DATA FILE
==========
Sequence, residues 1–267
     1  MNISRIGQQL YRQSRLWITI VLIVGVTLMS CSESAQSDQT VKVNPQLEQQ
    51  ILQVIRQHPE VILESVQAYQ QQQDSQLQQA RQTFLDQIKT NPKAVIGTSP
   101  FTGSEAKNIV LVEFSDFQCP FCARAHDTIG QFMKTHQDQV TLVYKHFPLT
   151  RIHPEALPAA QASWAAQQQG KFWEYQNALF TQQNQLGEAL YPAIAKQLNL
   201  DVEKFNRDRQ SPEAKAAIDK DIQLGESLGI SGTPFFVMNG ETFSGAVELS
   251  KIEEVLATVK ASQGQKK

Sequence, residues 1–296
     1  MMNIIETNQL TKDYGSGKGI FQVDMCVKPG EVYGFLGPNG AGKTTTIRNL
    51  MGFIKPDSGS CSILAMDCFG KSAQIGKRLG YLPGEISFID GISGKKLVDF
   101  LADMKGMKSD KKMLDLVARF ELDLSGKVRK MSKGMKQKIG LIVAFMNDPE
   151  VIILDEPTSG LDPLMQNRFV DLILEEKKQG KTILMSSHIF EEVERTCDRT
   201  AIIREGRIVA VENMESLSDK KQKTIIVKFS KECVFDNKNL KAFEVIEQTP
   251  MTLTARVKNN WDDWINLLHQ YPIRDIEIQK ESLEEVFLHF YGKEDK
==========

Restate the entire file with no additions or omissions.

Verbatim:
Sequence, residues 1–267
     1  MNISRIGQQL YRQSRLWITI VLIVGVTLMS CSESAQSDQT VKVNPQLEQQ
    51  ILQVIRQHPE VILESVQAYQ QQQDSQLQQA RQTFLDQIKT NPKAVIGTSP
   101  FTGSEAKNIV LVEFSDFQCP FCARAHDTIG QFMKTHQDQV TLVYKHFPLT
   151  RIHPEALPAA QASWAAQQQG KFWEYQNALF TQQNQLGEAL YPAIAKQLNL
   201  DVEKFNRDRQ SPEAKAAIDK DIQLGESLGI SGTPFFVMNG ETFSGAVELS
   251  KIEEVLATVK ASQGQKK

Sequence, residues 1–296
     1  MMNIIETNQL TKDYGSGKGI FQVDMCVKPG EVYGFLGPNG AGKTTTIRNL
    51  MGFIKPDSGS CSILAMDCFG KSAQIGKRLG YLPGEISFID GISGKKLVDF
   101  LADMKGMKSD KKMLDLVARF ELDLSGKVRK MSKGMKQKIG LIVAFMNDPE
   151  VIILDEPTSG LDPLMQNRFV DLILEEKKQG KTILMSSHIF EEVERTCDRT
   201  AIIREGRIVA VENMESLSDK KQKTIIVKFS KECVFDNKNL KAFEVIEQTP
   251  MTLTARVKNN WDDWINLLHQ YPIRDIEIQK ESLEEVFLHF YGKEDK